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Thread: Reflections on Scratching the itch - Nordkapp 2013

  1. #49
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    20th June - And some have fame...

    I left Stavanger in traffic, which was a shock, but it was good to be back on the move.



    However, the sky had cleared again and it has been another beautiful day. I keep looking at the UK weather forecast and wondering why I am coming home! The countryside outside Stavanger was very gentle and pastoral, almost like Dorset.



    The road ran right by the sea. Note the round barrow in the corner of the field, very Dorset.



    I only had 160 miles to do to get to the ferry but I had chosen, as always, the scenic route and I knew it might be slow. Before long I was back in fjord country





    Then the road got really twisty and I couldn't take any photos on the move. I didn't want to stop because I was worried about time and I was having fun. When the road settled down and I was sure about the arrival time, I stopped for coffee and petrol. That's when the paparazzi found me. Just as I got back on the bike a very nice young man asked me if I had time to do a quick interview for the local paper on my travels. I could hardly refuse so I told him my story and he took a few pictures. So in some small part of southern Norway I will be tomorrow's fish and chip wrappings.

    The last 25 or so miles were on the main road and for absolutely no discernible reason, it was a very good road, the speed limit was 40mph. It was dull so I was glad to make the ferry. There were a lot of bikes and the usual banter and chatter. I got talking to a nice Norwegian couple who are just setting off for Italy. They are on the left and right in this picture. The chap in the middle is another Belgian.



    They have given me their email address and insist I stay with them when I come back to Norway.

    The ferry was a fast catamaran powered by water jets. Very impressive. After the Queen Mary 2 in Gerainger, here's the Queen Elizabeth in Kristiansand.



    So the coast of Norway receded.



    This was the last bit we passed. I would say that is an isolated place to live. It's a good mile or two off shore.



    Once we were clear out to sea the engines opened up. They were very impressive and pushed us along at a fair old speed





    If you fell off the stern it would be a fun few seconds!

    http://stouravon.smugmug.com/Motorcy...IMG_0906-M.jpg

    I settled into my seat with the Norwegian equivalent of an almond magnum and read my book. In no time we were there. I might have snoozed a bit. The coast was very different as I drove off



    as was the surrounding countryside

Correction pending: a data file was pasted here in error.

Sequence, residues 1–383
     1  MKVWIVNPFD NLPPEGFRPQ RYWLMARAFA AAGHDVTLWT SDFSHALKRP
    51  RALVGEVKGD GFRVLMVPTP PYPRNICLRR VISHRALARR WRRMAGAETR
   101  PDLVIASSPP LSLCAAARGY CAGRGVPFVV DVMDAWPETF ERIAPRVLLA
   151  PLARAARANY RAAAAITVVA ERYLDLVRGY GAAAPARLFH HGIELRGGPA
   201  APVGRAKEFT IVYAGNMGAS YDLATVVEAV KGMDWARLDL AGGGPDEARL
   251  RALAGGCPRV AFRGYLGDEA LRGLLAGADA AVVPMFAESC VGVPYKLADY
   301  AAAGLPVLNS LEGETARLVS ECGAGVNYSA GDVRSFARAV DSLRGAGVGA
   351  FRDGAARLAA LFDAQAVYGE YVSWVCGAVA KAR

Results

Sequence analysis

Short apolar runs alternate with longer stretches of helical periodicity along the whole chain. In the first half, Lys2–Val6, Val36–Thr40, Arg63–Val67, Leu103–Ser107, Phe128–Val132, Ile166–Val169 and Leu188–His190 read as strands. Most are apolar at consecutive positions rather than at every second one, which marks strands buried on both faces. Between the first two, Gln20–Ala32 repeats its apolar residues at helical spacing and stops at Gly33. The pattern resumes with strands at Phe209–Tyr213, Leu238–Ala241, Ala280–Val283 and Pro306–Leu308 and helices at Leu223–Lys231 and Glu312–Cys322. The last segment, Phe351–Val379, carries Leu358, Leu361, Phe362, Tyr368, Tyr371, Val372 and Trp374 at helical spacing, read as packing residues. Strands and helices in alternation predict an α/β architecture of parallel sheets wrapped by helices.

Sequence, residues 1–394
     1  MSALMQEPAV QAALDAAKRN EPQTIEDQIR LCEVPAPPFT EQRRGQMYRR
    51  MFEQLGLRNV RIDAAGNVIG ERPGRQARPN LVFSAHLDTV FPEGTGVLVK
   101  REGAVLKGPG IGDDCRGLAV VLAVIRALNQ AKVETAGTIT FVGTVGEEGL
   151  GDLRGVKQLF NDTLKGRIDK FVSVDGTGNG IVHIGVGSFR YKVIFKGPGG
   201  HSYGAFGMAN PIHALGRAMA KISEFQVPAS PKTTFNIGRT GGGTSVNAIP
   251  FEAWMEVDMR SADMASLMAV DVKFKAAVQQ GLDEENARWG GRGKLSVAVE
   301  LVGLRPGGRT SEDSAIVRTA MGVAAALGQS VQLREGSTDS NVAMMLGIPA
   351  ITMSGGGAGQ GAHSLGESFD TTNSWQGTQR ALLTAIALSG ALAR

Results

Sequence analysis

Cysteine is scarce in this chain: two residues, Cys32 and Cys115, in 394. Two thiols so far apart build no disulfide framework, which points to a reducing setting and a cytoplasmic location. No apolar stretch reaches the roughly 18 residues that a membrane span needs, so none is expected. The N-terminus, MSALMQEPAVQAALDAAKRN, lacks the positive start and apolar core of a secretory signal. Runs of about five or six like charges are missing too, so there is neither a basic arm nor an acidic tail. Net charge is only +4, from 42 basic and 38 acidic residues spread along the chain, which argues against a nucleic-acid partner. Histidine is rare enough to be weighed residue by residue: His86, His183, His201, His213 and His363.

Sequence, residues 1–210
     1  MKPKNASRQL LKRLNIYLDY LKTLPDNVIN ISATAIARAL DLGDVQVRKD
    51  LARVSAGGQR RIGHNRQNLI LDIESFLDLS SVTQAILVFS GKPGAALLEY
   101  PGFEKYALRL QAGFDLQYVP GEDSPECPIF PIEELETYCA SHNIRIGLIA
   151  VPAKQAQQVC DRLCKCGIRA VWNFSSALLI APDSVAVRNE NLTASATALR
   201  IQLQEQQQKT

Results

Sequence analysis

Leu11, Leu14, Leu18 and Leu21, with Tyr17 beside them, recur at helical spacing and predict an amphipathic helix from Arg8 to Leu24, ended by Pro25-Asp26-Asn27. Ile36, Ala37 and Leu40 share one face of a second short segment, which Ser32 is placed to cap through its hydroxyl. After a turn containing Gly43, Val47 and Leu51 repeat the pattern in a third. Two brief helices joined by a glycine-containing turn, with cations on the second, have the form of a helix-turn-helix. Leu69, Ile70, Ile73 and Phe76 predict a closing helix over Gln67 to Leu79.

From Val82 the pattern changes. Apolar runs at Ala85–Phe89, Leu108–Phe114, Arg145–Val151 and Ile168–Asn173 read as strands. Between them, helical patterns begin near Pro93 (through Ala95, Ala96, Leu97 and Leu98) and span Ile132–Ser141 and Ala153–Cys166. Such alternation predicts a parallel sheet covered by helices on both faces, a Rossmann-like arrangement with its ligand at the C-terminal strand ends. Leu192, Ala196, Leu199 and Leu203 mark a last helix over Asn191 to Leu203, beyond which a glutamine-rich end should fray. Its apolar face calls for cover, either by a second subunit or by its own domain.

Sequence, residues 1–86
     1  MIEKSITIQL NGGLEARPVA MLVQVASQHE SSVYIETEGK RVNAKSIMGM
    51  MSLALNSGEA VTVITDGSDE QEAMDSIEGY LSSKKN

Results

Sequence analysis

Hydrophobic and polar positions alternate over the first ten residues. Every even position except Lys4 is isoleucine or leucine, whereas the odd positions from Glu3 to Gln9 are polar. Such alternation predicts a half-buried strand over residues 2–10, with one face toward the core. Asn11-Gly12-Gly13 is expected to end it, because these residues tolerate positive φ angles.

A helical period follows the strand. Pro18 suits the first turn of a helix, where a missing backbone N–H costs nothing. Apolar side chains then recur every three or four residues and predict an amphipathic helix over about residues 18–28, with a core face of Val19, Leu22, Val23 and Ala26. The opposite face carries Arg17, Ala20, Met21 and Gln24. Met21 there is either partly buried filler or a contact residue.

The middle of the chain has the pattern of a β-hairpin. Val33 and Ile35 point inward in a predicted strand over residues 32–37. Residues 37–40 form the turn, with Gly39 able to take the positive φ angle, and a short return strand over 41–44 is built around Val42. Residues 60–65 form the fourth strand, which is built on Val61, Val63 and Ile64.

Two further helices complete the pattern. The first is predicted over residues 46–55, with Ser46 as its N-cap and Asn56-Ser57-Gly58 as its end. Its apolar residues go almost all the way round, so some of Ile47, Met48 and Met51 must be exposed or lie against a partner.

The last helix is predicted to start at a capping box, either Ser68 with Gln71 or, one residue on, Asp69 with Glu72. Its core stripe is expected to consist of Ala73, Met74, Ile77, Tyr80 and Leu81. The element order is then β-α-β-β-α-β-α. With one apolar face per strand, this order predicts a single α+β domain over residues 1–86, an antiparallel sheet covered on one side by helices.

Now I am in a very little hut in Hjorring. I've eaten my last sachet of tomato soup for tea. Tomorrow I have to do 150 ish miles, visit a dead man and some stones and make it to the ferry in Hritshals by 5 o'clock. The end seems to be coming in a rush. In fact I'm really right on time by the original draft planning it's just that I am taking a different ferry. I have an open booking to go back via Hoek van Holland but I have bottled out of flogging 500miles down the motorway system and booked an overnight from Hirtshals instead. I will get my money back on the other booking if I cancel in time. I don't expect I will get wi fi tomorrow so the last post may have to wait until I get home. Here's my little Wendy house


  2. #50
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    Enjoyed that a lot. many thanks for making the effort to write, edit and post it

  3. #51
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    Thanks Paul, there's one last twist to the story when I get the chance - probably tomorrow.

  4. #52
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    Hjorring Camping, I had hut 5 July 4th ! Great write up

  5. #53
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    Thanks for taking the time to post that report. A really great read.

  6. #54
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    Quote Originally Posted by walrus View Post
    Thanks Paul, there's one last twist to the story when I get the chance - probably tomorrow.
    So what was the "one last twist"? Don't keep us hanging!

  7. #55
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    to hide a leaf first find a forest

    http://www.visitguernsey.com

  8. #56
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    Sorry! I'll get it done. It will be an anticlimax now!

  9. #57
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    OK, sorry for the delay. I did the rest while I was watching the cricket and I've not sat down for that long since!

    21st June Two stones and a dead man

    Out here in Jutland
    In the old man-killing parishes
    I will feel lost,
    Unhappy and at home.

    (Seamus Heaney)

    Denmark is the cleanest, neatest and most boring country of the trip. It is so flat and manicured it was hard to stay awake riding through it. I had to do 200 or so miles and visit Silkeborg museum to see the Tollund Man exhibit and Jelling to see the two rune stones. The journey to Silkeborg was a rattle down the motorway in the rain. Silkeborg was good. I think the man on the desk was a bit miffed that I wasn't interested in the ceramic collection. I thought the presentation of the Tollund man exhibit was excellent and the body itself was quite moving. The face is so well preserved and expressive that one feels a real connection and sympathy. (Pic nicked from google)



    It did make me think about the ethics of displaying dead bodies in a museum exhibit. How old does it have to be to make it ok? I didn't hang about and pushed on to Jelling to see the rune stones. These are key artefacts in Danish history. They too were very sympathetically and simply displayed. I was glad I made the effort.





    There is a third stone outside the tourist office. Not so much a replica but a modern interpretation of how the bigger stone might originally have looked. I understand there is enough evidence of the paint remaining to justify it.



    There is apparently a replica of the larger stone in the original colours in the grounds of the Danish church in London so I will have to seek that out. I will let this photograph of the cemetery in Jelling stand for my impression of Denmark. It is ludicrously neat and ordered.